g. Little or no appropriate information is provided around rabbit care, what information VRRA provided either went missing, was removed, or was placed somewhere not readily accessible to staff or customers. Former owners of Petcetera rabbits have indicated they were provided with no care information at all. A VRRA member had to specifically request information on at least 3 separate occasions before any was provided. However, Petcetera’s rabbit information flyer turned out to be nothing more than a shopping list What will Petcetera be doing to ensure that current and up to date rabbit care and behaviour information is being provided with either each and every rabbit for sale or SPCA adoptable rabbits, including the necessity for spay and neuter – surely something that would help reduce overpopulation?

As it currently stands, I can see how the current satellite adoption arrangement benefits the BC SPCA, by reducing the numbers of rabbits physically present in its shelters. I can see how the current satellite adoption program benefits Petcetera, as people need to buy for their rabbits whether adopted or not. I cannot see, given the above, how it benefits the rabbits.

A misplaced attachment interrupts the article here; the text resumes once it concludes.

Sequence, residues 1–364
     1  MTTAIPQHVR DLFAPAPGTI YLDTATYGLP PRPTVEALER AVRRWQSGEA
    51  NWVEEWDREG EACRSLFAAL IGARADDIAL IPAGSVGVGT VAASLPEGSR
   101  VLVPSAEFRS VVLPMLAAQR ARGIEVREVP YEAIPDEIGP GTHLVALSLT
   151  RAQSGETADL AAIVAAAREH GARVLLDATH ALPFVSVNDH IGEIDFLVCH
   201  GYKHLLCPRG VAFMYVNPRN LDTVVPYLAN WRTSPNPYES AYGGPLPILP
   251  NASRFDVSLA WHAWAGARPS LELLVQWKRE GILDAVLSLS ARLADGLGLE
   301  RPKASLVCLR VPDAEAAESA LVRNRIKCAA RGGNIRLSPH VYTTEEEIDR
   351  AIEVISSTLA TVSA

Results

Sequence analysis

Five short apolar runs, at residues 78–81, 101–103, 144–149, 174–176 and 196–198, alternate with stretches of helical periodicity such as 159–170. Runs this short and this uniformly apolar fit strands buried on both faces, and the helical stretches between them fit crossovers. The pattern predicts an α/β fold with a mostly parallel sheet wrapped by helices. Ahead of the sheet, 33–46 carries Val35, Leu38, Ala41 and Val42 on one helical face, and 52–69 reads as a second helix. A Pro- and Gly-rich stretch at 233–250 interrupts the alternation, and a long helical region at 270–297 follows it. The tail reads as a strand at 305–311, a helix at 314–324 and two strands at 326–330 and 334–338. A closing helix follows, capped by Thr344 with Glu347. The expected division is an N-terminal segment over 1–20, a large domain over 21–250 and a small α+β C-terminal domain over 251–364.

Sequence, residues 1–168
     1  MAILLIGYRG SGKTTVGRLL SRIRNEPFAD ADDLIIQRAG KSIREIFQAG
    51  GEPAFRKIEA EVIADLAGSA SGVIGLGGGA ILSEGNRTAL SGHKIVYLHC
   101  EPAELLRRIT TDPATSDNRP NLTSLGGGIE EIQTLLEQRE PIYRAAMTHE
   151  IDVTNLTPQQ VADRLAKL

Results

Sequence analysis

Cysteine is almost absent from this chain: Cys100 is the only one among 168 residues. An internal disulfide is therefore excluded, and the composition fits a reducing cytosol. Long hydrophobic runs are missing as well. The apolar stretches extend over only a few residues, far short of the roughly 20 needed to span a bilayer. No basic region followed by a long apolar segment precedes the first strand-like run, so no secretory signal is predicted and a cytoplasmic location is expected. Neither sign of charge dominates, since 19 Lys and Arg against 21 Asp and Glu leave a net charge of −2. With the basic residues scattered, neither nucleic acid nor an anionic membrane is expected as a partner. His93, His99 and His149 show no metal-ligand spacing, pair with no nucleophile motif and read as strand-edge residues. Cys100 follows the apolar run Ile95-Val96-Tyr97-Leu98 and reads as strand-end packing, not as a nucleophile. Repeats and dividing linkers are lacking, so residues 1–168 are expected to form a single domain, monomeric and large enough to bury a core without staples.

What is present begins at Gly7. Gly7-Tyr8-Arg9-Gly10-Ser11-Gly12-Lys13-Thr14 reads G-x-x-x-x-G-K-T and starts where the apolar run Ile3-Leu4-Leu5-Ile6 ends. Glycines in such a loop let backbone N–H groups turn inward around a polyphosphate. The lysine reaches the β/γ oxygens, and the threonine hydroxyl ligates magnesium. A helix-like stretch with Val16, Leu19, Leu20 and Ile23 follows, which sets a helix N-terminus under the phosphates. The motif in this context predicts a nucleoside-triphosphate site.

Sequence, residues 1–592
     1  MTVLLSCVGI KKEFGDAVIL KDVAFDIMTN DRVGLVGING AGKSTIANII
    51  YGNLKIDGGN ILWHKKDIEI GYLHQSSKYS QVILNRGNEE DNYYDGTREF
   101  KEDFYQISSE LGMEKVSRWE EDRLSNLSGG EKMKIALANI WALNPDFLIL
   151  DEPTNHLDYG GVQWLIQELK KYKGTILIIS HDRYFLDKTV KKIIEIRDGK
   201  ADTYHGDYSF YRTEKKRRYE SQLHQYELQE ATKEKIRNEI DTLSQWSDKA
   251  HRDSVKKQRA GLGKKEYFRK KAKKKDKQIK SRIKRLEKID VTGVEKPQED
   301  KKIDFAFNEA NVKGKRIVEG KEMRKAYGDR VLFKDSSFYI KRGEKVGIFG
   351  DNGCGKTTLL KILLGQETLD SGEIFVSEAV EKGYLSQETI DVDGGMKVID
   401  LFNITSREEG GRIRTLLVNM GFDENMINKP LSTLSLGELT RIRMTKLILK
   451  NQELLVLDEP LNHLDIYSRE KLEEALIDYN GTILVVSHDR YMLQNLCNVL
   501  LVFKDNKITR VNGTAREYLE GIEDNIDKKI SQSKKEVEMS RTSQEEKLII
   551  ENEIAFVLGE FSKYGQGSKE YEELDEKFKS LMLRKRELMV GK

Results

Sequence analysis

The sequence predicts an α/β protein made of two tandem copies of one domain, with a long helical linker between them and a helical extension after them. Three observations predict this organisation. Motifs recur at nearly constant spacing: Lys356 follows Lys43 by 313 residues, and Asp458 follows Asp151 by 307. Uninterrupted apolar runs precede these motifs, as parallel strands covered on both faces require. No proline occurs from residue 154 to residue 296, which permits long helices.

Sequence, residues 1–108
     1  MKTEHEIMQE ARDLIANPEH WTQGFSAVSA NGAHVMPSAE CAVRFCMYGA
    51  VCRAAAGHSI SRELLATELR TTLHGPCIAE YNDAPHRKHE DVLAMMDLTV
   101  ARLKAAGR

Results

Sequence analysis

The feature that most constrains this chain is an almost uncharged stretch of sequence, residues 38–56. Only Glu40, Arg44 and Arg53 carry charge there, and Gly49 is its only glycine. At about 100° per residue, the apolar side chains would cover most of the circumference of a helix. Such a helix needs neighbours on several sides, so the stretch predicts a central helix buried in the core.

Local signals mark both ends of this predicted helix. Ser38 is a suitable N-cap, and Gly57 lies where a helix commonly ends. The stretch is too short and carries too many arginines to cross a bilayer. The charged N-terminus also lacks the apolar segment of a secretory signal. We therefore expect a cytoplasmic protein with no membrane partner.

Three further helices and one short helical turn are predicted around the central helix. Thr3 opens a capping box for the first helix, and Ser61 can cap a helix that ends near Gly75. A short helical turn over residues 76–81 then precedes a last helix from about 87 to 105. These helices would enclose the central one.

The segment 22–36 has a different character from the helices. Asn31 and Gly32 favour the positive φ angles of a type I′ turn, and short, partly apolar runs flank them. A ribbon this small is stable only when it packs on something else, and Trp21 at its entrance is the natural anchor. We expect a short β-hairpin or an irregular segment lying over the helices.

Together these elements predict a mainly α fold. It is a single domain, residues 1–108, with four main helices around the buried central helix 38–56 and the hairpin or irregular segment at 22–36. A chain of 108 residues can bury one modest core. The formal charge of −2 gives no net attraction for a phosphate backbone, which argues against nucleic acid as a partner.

The SPCA has indicated that the satellite adoption program will allow people to adopt who might not otherwise come to shelters. This may well be true, but perhaps it would better serve the SPCA’s needs to get rabbits adopted if their current agreement with you had somewhere included the fact that people would need to know that an adoption program was in place.

I fail to see how Petcetera can claim that it is committed to reducing pet overpopulation given it contributes to the cycle of abuse , abandonment, and surrender through first selling rabbits, second in providing grossly inadequate or no information including a complete lack of information on spay/neuter, third in remaining quiet about adoption programs that have existed for 7 years in some parts of the country. Is it the irony of both selling and adopting from the same site that keeps you quiet and leads the SPCA to suggest we approach you for an answer to our concerns? Is Petcetera concerned it might lose sales to adoptions were it to fully endorse an adoption program that was on a par with those for cats and dogs and that included removing live rabbits for sale from its locations?
VRRA looks forward to your response on these issues. Feel free to contact me at any time.

Sue Collard,
President, VRRA

The SPCA, Petcetera, and rabbits
Carmina Gooch -- Thursday, 28 April 2005, at 7:45 a.m.
His name is George *LINK* *PIC*
Carmina Gooch, Vancouver Rabbit Rescue and Advocacy -- Thursday, 28 April 2005, at 7:57 p.m.
Pleas for help to Vancouver Rabbit Rescue
Carmina Gooch, VRRA -- Friday, 29 April 2005, at 10:01 a.m.